If you have a dehydrator, you’re probably just a few hours from perfectly dried herbs. The most versatile dehydrators have a heating element with temperature controls, as well as fans to increase air circulation and speed drying time.
Layout your herbs on your dehydrator’s racks. For particularly delicate or small items, you can place a single layer of cheesecloth beneath the herbs to keep the leaves or petals from getting stuck in the dehydrator rack.
I frequently run into this issue when drying thyme, and find a bit of cheesecloth does the trick perfectly. If you are drying different types of herbs at once, and if your dehydrator uses stacking tiers, place the wettest herbs on the bottom, nearest the heating element, and the most delicate at the top.
Check your herbs frequently until you get to know your dehydrator’s settings well. As usual, herbs are properly dried when a leaf crushed between your fingers is powdery, not spongy.
This is a handy little trick you might have discovered by accident yourself, which is reportedly how herb specialists Madelene Hill and Gwen Barclay of Mother Earth News came across it.
I know I once left a bundle of rosemary on the bottom shelf of my refrigerator and forgot all about it. When I unearthed it a week later, the leaves were still bright green, but also perfectly crisp to the touch.
Just make sure that any food in the fridge is tightly covered whenever you’re drying herbs. This will help keep your leftovers from picking up herb flavors, but also keep your thyme from tasting of tuna casserole.
How to store dried herbs
There are a few things that can damage dried herbs. Watch out for these hazards when deciding how to store your latest batch!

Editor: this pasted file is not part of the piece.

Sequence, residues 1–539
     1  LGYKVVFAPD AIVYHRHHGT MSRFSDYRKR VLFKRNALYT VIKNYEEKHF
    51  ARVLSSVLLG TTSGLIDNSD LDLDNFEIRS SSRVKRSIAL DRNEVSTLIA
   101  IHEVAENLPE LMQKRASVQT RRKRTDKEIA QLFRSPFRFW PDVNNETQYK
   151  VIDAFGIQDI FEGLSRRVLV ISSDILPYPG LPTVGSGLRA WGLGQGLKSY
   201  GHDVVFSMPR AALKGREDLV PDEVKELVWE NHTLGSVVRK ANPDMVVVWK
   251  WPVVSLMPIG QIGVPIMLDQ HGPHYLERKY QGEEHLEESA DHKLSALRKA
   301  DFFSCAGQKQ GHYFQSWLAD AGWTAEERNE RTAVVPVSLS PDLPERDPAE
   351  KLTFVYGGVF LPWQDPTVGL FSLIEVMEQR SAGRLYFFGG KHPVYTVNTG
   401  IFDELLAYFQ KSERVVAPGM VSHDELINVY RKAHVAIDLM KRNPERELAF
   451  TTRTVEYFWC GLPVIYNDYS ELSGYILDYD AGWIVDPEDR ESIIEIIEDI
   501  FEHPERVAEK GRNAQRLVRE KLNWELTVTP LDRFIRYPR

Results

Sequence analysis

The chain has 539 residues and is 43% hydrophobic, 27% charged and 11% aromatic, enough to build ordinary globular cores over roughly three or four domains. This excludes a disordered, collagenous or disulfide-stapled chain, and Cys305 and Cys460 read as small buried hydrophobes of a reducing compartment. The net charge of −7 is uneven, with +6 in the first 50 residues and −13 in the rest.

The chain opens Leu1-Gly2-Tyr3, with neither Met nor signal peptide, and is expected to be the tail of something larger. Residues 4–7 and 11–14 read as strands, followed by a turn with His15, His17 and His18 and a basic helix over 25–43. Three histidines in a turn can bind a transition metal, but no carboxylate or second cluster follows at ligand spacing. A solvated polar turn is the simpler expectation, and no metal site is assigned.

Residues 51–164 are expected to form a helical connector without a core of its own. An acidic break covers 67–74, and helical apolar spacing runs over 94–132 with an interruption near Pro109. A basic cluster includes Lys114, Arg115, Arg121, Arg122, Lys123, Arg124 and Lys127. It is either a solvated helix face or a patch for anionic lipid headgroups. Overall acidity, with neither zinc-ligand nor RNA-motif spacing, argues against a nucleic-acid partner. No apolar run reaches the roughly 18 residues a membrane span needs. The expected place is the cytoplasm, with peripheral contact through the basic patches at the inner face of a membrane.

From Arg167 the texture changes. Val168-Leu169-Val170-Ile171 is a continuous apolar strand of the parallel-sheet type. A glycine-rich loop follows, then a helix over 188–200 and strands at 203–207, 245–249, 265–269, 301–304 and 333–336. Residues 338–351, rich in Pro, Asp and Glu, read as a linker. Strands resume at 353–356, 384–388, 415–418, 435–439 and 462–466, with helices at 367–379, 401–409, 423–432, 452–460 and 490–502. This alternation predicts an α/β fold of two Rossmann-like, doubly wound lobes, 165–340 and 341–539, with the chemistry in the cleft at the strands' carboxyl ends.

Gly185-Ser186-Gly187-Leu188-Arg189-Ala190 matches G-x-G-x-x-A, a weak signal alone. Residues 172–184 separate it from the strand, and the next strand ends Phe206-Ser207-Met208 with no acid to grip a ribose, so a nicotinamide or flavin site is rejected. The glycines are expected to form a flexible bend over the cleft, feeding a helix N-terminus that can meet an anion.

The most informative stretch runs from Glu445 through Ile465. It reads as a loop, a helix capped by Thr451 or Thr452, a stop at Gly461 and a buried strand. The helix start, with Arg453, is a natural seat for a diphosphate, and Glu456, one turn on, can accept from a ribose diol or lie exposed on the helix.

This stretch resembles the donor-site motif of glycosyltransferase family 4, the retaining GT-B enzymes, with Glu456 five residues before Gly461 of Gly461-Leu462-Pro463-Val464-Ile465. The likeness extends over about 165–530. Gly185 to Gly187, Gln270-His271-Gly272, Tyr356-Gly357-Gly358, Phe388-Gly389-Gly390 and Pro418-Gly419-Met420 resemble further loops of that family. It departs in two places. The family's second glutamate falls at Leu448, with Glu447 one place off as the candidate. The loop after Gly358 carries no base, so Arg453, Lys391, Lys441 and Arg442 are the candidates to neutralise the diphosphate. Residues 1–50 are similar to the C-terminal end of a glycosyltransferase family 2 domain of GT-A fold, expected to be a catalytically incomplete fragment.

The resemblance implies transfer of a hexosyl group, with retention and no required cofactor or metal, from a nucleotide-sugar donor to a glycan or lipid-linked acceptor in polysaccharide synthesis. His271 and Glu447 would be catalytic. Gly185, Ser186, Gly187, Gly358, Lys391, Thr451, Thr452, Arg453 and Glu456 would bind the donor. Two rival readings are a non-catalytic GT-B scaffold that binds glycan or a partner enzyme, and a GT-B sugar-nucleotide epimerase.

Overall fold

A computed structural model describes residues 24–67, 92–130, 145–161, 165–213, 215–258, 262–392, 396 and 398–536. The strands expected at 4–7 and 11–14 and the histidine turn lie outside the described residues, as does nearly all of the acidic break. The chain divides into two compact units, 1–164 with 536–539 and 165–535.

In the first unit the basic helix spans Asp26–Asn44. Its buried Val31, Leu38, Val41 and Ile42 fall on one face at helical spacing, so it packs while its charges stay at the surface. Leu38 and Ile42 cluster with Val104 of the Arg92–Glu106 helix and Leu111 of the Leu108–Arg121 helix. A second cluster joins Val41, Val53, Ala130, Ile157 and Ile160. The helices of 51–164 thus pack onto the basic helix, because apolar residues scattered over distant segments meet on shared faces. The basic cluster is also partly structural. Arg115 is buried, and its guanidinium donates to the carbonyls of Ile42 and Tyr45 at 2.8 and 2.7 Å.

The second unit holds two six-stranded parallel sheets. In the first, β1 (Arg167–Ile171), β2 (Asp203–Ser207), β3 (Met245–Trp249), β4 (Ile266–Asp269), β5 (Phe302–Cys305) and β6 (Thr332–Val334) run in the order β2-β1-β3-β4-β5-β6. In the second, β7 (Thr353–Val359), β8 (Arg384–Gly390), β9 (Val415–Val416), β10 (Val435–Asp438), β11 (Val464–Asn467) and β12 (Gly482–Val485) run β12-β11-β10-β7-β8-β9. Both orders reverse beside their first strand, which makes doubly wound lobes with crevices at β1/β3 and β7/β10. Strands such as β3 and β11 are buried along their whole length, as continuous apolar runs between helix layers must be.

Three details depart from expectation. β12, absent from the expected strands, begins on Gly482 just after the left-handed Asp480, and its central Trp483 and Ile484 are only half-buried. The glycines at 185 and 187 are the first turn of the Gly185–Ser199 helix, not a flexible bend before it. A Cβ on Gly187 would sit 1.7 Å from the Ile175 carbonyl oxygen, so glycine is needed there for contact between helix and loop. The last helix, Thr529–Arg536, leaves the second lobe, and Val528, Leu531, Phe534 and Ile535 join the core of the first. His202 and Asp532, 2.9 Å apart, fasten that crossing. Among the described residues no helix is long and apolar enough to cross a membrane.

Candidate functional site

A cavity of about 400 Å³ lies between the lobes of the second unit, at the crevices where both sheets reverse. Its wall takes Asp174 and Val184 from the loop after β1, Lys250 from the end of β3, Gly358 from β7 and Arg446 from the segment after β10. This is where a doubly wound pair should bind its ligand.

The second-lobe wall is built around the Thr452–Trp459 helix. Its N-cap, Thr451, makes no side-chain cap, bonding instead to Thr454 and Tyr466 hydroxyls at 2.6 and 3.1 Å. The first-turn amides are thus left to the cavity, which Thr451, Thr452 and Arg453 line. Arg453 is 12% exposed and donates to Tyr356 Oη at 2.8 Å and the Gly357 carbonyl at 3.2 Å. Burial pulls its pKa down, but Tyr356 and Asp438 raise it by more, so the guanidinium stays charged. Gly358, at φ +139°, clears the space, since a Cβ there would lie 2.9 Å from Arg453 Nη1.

Dried herbs do best when kept, well, dry. Too much moisture can cause them to spoil, so store them in airtight containers to keep the water out.
That means you’ll also need to make sure that your herbs really are dry before you store them. Check your containers for signs of condensation after closing them up. If fogging or moisture appear on the inside of the container, your herbs aren’t dry enough yet.
You’ve seen what sunlight can do to fabrics, right? Curtains begin to bleach and lose their color, and the cushions on outdoor furniture grow pale and brittle after just a couple of seasons.
The same thing happens to herbs, and all that bleaching is more than just a loss of color. Too much sun can cause the flavorful essential oils to break down, leaving your carefully home-grown and dried herbs with about as much flavor as crispy autumn leaves.
The best place to store your herbs is in a dark cupboard. If you must store them on a countertop or exposed shelf, opt for opaque tins or amber-tinted jars to counteract sun damage.